In its brief the government argued that, because the interest to be valued was an undivided one-half interest in the full 55% control block, the proper method would be to value the whole, including its control premium, and then take one-half thereof to establish the value of the estate's undivided one-half interest. The estate points out that the government's argument overlooks the fact that the block of stock is subject to the right of partition under Texas law at the instance of either the surviving spouse or the estate of the deceased's spouse. Tex.Prob.Code Ann. § 385 (Vernon 1980). The government has not argued that partition would not be freely granted in a case involving fungible shares, such as this case. Thus, the estate has no means to prevent the conversion of its interest into shares representing a 271/2% block, and we conclude that the estate's interest is the equivalent of a 271/2% block of the stock. Accordingly, we reject the government's approach of valuing the 55% control block, with its control premium, and then taking one-half thereof. Accord Estate of Lee v. Commissioner, 69 T.C. 860 (1978).

Having determined that the property which is to be valued for estate tax purposes is the 271/2% block of stock owned by the estate, we turn to the government's second argument, which is based on the doctrine of family attribution 2 between the successive holders of interest to be taxed the decedent, the executor, and the legatee, on the one hand, and the related party, Mr. Bright, on the other. The government argues that the following facts are relevant and should have been considered by the district court in valuing the 271/2% block: the fact that Mr. and Mrs. Bright were husband and wife and held their stock during her lifetime as a control block of 55%; the fact that Mr. Bright held the estate's 271/2% block after her death as executor and subsequently as trustee of the testamentary trust for their children, while he simultaneously held another 271/2% block in his individual capacity, thus continuing the control block after death; and the fact that the government might be able to adduce evidence that Mr. Bright, as executor or trustee, would not be willing to sell the estate's 271/2% block as a minority interest, but would be willing to sell it only as part of the block of 55% including his individually-owned stock so that a sustantial control premium could be realized. 3 Such facts and evidence, the government argues, would have formed the basis of expert testimony that the value of the estate's stock includes some control premium. For several reasons, we reject the government's attempt to import into this area of the estate tax law this kind of family attribution, and we hold that the foregoing evidence proffered by the government is not admissible to prove the value of the stock at issue.

First, we reject any family attribution to the estate's stock because established case law requires this result. A recent case directly in point is Estate of Lee v. Commissioner, supra. There Mr. and Mrs. Lee held as community property 4,000 of the 5,000 outstanding shares of the common stock of a closely held corporation. They also held all 50,000 shares of the preferred stock. Upon the death of Mrs. Lee, the community was dissolved, leaving Mr. Lee and the estate of Mrs. Lee each with an undivided one-half interest in each item of the community property. 69 T.C. at 873. The Tax Court held that this was the equivalent of 2,000...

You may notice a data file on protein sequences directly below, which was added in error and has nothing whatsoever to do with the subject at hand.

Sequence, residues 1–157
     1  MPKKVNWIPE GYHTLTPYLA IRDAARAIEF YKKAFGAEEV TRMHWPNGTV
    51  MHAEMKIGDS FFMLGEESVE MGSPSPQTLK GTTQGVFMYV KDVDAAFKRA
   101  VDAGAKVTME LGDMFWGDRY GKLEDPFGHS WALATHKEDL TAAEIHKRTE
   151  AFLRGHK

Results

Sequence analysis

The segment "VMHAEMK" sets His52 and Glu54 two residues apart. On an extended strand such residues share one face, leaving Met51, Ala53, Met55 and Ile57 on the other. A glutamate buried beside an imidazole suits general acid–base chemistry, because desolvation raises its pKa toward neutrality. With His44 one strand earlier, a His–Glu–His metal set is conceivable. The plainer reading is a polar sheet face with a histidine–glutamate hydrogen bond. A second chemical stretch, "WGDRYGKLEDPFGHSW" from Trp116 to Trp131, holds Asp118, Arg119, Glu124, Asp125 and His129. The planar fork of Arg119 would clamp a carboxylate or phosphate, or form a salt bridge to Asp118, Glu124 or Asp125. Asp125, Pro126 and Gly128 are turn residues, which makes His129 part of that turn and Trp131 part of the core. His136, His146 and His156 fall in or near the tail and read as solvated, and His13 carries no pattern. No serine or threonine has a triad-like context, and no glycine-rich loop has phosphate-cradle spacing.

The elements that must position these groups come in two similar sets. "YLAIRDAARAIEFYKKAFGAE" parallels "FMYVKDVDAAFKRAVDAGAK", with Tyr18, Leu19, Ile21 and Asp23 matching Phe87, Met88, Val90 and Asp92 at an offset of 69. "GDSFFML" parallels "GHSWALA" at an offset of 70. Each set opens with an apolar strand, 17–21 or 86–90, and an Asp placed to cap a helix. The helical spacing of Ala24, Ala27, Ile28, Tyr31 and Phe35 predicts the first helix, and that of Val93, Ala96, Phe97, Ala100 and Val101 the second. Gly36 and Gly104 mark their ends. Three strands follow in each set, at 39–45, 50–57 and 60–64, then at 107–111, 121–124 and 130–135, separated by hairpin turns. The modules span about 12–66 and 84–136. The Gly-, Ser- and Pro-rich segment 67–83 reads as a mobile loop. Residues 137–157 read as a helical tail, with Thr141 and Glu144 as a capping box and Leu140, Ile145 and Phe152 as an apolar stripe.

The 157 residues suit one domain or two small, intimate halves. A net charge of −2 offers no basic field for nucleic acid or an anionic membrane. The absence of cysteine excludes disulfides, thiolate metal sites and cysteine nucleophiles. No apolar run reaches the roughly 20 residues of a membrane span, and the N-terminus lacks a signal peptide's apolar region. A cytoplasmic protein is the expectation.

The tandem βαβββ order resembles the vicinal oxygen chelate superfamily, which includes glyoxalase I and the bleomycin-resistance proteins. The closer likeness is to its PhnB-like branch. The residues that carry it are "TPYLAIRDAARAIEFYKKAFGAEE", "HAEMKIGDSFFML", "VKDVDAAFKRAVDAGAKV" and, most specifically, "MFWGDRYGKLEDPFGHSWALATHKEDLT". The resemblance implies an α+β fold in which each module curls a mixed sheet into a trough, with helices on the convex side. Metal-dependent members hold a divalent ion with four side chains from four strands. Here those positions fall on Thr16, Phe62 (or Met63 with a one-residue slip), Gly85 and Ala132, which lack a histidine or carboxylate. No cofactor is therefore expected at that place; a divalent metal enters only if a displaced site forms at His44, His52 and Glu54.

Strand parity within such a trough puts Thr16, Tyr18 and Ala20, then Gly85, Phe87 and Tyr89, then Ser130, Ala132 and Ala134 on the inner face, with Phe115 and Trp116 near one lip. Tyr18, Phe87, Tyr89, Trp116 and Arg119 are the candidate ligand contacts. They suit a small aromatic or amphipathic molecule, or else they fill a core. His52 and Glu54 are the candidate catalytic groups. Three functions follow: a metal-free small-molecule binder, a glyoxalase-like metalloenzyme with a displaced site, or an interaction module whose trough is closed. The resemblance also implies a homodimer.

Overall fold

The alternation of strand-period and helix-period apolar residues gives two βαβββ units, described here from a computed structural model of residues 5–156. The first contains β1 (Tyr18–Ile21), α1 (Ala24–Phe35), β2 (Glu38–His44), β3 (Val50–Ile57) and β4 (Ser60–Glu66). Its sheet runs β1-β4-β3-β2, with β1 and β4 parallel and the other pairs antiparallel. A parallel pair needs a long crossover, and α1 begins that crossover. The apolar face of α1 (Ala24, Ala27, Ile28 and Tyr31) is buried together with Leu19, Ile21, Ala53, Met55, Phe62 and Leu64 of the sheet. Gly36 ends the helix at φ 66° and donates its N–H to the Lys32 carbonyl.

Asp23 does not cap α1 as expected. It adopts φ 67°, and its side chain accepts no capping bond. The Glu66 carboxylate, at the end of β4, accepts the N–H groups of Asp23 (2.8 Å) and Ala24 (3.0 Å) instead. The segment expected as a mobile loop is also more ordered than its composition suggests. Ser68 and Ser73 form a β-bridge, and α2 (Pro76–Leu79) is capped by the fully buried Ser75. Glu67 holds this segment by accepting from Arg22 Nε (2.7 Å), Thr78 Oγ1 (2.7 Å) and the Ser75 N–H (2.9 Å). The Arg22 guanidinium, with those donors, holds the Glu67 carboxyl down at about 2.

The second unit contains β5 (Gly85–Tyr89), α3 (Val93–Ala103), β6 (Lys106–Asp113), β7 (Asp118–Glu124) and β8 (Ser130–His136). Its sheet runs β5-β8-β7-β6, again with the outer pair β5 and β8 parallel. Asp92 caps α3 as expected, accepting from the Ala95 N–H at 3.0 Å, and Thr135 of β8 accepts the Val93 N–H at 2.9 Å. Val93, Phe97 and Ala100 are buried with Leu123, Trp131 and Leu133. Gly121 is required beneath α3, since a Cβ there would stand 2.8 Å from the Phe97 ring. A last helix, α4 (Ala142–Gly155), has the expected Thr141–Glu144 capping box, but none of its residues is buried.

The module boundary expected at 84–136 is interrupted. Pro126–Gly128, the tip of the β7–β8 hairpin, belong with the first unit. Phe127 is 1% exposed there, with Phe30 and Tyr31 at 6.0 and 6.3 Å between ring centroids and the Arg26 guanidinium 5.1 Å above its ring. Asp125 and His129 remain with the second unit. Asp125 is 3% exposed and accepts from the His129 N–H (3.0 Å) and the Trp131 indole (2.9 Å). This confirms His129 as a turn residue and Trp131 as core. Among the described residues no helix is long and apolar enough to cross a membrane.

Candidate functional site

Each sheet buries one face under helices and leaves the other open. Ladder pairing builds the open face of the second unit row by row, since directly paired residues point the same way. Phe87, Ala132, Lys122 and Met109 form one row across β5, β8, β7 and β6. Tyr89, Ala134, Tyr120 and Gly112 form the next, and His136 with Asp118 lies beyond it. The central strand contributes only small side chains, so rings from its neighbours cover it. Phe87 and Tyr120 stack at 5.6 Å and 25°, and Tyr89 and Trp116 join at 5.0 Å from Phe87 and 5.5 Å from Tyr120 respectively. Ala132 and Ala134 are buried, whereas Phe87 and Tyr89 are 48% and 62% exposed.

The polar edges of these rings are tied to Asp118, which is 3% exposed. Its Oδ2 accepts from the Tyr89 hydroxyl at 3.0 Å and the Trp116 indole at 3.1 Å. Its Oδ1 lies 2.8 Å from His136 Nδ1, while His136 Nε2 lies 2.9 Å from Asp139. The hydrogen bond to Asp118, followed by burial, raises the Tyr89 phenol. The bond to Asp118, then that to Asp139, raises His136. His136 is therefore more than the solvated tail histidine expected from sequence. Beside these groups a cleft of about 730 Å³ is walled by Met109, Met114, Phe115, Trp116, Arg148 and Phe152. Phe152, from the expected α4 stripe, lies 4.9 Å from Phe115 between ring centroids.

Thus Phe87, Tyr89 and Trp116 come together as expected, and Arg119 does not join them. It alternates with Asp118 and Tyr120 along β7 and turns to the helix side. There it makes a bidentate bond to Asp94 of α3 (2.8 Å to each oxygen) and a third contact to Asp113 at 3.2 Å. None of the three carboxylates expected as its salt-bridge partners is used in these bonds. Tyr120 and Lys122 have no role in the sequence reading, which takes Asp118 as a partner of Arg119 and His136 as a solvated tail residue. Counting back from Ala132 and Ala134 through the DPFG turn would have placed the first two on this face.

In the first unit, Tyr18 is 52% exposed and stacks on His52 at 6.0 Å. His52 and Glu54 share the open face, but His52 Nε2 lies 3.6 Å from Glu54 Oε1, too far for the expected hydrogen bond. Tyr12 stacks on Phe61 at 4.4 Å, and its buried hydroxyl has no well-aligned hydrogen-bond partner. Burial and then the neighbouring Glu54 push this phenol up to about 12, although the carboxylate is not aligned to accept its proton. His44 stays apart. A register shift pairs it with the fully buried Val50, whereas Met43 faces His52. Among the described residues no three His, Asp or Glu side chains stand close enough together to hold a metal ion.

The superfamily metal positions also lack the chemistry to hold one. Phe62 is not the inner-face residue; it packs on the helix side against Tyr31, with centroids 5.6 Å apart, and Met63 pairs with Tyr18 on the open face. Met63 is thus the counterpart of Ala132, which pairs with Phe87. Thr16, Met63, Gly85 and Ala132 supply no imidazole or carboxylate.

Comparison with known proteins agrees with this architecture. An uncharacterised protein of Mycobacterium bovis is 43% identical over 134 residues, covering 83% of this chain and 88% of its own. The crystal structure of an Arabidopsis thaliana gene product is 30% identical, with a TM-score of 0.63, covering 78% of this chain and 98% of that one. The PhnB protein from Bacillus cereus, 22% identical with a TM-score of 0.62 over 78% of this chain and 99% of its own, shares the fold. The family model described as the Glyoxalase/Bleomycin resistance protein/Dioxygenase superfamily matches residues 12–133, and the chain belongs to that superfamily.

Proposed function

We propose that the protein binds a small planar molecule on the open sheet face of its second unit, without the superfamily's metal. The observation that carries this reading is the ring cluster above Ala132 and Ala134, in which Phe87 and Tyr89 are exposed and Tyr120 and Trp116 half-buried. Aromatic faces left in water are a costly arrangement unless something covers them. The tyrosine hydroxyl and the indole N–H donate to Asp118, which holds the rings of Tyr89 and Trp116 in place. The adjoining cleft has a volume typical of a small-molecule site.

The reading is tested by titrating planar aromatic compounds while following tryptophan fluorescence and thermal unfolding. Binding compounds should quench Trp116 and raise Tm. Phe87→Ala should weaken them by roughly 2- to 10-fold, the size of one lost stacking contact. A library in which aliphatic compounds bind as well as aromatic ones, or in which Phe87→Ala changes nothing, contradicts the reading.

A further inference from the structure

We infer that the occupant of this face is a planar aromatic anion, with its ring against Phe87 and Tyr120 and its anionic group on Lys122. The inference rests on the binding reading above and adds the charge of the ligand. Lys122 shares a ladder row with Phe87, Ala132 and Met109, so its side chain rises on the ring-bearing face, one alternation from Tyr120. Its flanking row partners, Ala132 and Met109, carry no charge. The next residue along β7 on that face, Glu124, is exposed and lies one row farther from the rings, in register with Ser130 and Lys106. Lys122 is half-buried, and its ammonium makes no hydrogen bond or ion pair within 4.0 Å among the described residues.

To continue reading

Request your trial
147 cases
  • Foltz v. US News & World Report, Inc., Civ. A. No. 84-0447
    • United States
    • United States District Courts. United States District Court (Columbia)
    • 22 d1 Junho d1 1987
    ...metaphysical mid-point after the decedent's demise, but before his interest vests in the legatee. See Estate of Bright v. United States, 658 F.2d 999, 1001 (5th Cir.1981) (en banc). The distinction becomes important in situations where the property is worth more (or less) in the hands of th......
  • Estate of True v. Commissioner, Docket No. 10940-97.
    • United States
    • United States Tax Court
    • 6 d5 Julho d5 2001
    ...v. Commissioner [Dec. 46,411], 94 T.C. 193, 218 (1990) (citing Estate of Bright v. United States, [81-2 USTC ¶ 13,436], 658 F.2d 999, 1006 (5th Cir. 1981)). The hypothetical willing buyer and seller are presumed to be dedicated to achieving the maximum economic advantage. As stated in Estat......
  • Shepherd v. Comm'r of Internal Revenue, 2574–97.
    • United States
    • United States Tax Court
    • 26 d4 Outubro d4 2000
    ...T.C. 78, 100–101, 1986 WL 22156 (1986); LeFrak v. Commissioner, supra; sec. 25.2511–2(a), Gift Tax Regs.; cf. Estate of Bright v. United States, 658 F.2d 999, 1001 (5th Cir.1981) (for estate tax purposes, “the property to be valued is the property which is actually transferred, as contraste......
  • Bank One Corp. v. Comm'r of Internal Revenue, s. 5759–95
    • United States
    • United States Tax Court
    • 2 d5 Maio d5 2003
    ...mindful of all relevant facts. Natl. Water Main Cleaning Co. v. Commissioner, 16 B.T.A. 223 (1929); accord Estate of Bright v. United States, 658 F.2d 999, 1005–1006 (5th Cir.1981) (clarifies that the views of both a hypothetical buyer and a hypothetical seller must be taken into account, a......
  • Request a trial to view additional results
14 books & journal articles
  • Time for a New Plan: The LLC Is a Better Option for Estate Planning After Cannon v. Bertrand
    • United States
    • Louisiana Law Review No. 71-3, April 2011
    • 1 d5 Abril d5 2011
    ...Reg. § 20.2031-1 (as amended in 1965); Adams v. United States, 218 F.3d 383, 386 (5th Cir. 2000); Estate of Bright v. United States, 658 F.2d 999, 1001 (Former 5th Cir. 1981); United States v. Land, 303 F.2d 170, 172 (5th Cir. 1962); see also 26 U.S.C. § 2001 (2006). 43. 26 U.S.C. § 2031. 4......
  • Are Grats Still Great After Recent Irs Rulings and Regulations and Rising Federal Rates?
    • United States
    • Connecticut Bar Association Connecticut Bar Journal No. 70, 1995
    • Invalid date
    ...Ch. V1 D., BNA 1995. 142. Treas. Reg. §25.2512-2(e). 143. Rev. Rul. 81-253,1981-1 C.B. 187. 144. See, e.g., Estate of Bright v. U.S., 658 F.2d 999 cir., 1981);Propstra v. U.S., 680 F 2d 1248 (9th cir., 1982); Estate of Andrews v. U.S. 79 TC. 938 (1982); Estate of Lee v. Commr, 69 T.C. 860(1......
  • Significant recent developments in estate planning.
    • United States
    • The Tax Adviser Vol. 26 No. 11, November 1995
    • 1 d3 Novembro d3 1995
    ...Stock," 26 The Tax Adviser 519 (Sept. 1995). (13) IRS Letter Ruling (TAM) 9449001 (3/11/94). (14) Est. of Mary Frances Smith Bright, 658 F2d 999 (5th Cir. 1981) (48 AFTR2d 81-6292, 81-2 USTC [paragraph]13,436); John A. Propstra, 680 F2d 1248 (9th Cir. 1982)(50 AFTR2d 82-6153, 82-2 USTC [par......
  • Choice of Entity from an Estate Planning Perspective
    • United States
    • Colorado Bar Association Colorado Lawyer No. 30-10, October 2001
    • Invalid date
    ...Estate of Davis v. Commissioner, 110 T.C. 530, 546-547 (1998); Estate of Campbell, 62 T.C.M. 1514 (1991); Estate of Bright v. U.S., 658 F.2d 999 (5th Cir. 1981); Estate of Bennett, 65 1816 (1993). 4. Rev. Rul. 93-12, 1993-7 I.R.B., revoking Rev. Rul. 81-253, 1981 C.B. 5. In Priv. Ltr. Ruls.......
  • Request a trial to view additional results

VLEX uses login cookies to provide you with a better browsing experience. If you click on 'Accept' or continue browsing this site we consider that you accept our cookie policy. ACCEPT